How about you get 40 seconds to play a shot, and you get a "bank" of an additional 5 or 10 minutes that you can use however you see fit?

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  • AndersUKAndersUK Members Posts: 243 ✭✭✭

    The easiest way to define the rule is to make it compulsory for the right hand to be in contact with the left hand at the moment the club makes contact with the ball.
    This would eliminate conventional anchoring and the anchoring of the the arm with the opposite hand.

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  • GoGoErkyGoGoErky Members Posts: 1,514 ✭✭✭✭✭✭
    edited Jul 29, 2019 9:33am #56

    @AndersUK said:
    The easiest way to define the rule is to make it compulsory for the right hand to be in contact with the left hand at the moment the club makes contact with the ball.
    This would eliminate conventional anchoring and the anchoring of the the arm with the opposite hand.

    This bans the claw grip or any variation of it.

  • sui generissui generis Members Posts: 4,059 ✭✭✭✭✭✭✭

    Why does anyone think R10.1b needs fixing? It's been around for several years and survived intact in the 2019 Rules modernization effort. The unanchored long putter is a pretty rare sight, generally only employed by a very small group of older folks with bad backs or an essential tremor. Furthermore, those tasked with the Rules enforcement don't seem bothered by the language of the Rule. The Rule as written seems to have solved the problem, the anchored belly method, that it was aimed at.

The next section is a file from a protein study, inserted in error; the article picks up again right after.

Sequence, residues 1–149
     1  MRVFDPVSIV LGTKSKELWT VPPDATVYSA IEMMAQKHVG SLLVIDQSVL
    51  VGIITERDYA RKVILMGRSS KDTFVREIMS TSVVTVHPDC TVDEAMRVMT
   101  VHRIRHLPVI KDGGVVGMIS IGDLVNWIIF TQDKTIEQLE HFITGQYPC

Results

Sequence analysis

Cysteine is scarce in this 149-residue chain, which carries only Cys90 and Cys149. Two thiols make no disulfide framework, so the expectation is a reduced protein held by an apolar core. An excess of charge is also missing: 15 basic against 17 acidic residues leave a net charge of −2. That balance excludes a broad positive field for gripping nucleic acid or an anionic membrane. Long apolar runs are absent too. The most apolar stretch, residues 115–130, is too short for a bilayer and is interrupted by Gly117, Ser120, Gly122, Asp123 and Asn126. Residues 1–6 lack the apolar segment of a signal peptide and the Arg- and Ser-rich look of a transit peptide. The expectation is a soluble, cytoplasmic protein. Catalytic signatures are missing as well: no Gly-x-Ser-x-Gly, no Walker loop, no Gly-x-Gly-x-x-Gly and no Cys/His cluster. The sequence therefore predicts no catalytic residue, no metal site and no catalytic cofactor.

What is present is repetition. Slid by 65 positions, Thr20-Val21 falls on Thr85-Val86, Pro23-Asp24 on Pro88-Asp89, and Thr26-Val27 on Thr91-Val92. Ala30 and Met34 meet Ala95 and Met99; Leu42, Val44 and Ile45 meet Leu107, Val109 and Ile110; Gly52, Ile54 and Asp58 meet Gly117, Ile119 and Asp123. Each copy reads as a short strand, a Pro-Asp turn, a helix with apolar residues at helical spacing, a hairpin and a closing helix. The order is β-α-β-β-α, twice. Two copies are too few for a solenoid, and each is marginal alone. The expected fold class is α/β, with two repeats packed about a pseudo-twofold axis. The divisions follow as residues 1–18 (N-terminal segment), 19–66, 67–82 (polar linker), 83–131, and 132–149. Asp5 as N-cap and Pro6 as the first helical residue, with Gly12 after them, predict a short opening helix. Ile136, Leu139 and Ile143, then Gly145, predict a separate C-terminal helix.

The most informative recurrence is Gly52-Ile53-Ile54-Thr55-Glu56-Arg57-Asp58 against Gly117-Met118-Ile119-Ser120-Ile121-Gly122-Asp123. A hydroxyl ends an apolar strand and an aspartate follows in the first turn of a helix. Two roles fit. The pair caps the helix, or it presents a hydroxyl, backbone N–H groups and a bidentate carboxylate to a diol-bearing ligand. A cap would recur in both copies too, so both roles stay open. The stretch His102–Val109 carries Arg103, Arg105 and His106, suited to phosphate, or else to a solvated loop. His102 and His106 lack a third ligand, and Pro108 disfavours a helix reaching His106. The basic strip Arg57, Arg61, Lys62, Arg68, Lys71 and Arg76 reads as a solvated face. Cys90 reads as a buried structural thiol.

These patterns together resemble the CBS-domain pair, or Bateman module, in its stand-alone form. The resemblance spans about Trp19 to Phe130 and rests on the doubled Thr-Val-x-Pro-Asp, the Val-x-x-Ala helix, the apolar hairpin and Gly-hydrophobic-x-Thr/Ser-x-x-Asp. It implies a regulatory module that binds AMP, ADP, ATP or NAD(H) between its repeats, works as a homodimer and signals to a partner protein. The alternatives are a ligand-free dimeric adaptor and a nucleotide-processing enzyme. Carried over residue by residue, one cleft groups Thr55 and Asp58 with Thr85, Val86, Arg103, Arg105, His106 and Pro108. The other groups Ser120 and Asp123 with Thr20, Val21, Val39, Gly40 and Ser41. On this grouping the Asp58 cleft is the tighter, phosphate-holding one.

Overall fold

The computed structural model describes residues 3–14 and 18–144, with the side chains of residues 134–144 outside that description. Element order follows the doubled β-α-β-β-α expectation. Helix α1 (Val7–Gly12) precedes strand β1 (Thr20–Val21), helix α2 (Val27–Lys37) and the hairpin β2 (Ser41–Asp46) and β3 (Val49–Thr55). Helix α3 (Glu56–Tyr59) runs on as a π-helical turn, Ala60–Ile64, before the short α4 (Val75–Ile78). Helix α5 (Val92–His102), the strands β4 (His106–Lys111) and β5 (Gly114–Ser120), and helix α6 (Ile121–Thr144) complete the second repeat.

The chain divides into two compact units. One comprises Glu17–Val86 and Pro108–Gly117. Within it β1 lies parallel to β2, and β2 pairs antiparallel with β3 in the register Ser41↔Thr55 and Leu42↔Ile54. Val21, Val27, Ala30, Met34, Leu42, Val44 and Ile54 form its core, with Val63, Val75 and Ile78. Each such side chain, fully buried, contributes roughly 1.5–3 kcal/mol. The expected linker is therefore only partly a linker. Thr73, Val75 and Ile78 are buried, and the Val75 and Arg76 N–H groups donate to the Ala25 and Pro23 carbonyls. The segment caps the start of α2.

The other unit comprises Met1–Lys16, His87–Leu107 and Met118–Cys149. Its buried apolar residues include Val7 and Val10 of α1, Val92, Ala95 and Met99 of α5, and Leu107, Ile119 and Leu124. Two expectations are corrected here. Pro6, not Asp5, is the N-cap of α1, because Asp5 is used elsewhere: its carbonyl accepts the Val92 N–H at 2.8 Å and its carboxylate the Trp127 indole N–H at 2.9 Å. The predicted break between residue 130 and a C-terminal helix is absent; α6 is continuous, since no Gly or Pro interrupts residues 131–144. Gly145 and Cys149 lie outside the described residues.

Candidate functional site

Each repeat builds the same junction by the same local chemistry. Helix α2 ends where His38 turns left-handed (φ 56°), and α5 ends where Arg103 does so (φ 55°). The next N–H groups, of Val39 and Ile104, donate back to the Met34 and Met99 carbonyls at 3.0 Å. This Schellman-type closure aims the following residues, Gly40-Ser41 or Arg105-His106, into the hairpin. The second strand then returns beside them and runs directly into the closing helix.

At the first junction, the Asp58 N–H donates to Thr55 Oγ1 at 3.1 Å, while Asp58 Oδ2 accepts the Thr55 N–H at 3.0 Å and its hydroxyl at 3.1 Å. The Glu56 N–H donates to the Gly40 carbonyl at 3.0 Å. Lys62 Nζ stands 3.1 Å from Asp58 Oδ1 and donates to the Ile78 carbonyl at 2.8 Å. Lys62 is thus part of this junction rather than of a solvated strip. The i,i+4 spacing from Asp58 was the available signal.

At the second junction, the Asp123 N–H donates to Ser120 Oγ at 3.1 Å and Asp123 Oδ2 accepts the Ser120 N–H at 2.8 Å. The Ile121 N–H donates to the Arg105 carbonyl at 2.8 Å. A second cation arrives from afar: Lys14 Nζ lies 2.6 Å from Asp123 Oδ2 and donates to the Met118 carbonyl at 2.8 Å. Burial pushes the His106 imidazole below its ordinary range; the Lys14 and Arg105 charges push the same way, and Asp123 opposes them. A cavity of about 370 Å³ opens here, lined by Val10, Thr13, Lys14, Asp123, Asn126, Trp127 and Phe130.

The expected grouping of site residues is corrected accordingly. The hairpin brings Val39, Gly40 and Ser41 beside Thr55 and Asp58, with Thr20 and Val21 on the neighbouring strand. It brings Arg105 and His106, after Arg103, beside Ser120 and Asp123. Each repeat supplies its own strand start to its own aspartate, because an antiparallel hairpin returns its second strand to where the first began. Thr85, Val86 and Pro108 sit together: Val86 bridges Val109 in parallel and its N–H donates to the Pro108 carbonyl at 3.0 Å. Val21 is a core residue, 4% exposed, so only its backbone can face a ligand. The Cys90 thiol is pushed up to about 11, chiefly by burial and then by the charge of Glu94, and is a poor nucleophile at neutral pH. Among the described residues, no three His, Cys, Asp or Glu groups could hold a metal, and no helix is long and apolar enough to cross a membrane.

Knowledge of the Rules is part of the applied skill set which a player must use to play a round of competitive golf.
  • Hot Rod 71Hot Rod 71 #TheWRX ClubWRX, BST Volunteer Mods Posts: 8,922 ClubWRX

    I think one reason slow play has become such an issue is a result of how networks deliver their coverage. If the networks didn't show guys like JB taking 2 minutes to make a stroke, we probably would know he took 2 minutes to make a stroke.

    I've been to numerous tour events and a 5+ hour round is normal, especially with threesomes. In my observation groups move around the course rather quickly. They tend to take the most time on and around the greens, and on par 3 tee boxes. They all walk briskly from shot to shot and don't spend a lot of time teeing off on par 4s and 5s - they usually know what club they are going to hit; they pull it, line up and let it rip.

    One thing that seems to cause back-ups on the course at tour events is the need for a rules official every time a player has a rules question. I suppose past incidents of viewers calling in rules infractions has made many players gun-shy. I've seen players request a rules official for simple things like where to drop along a hazard margin. It grinds play to a halt.

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  • AndersUKAndersUK Members Posts: 243 ✭✭✭

    @GoGoErky said:

    @AndersUK said:
    The easiest way to define the rule is to make it compulsory for the right hand to be in contact with the left hand at the moment the club makes contact with the ball.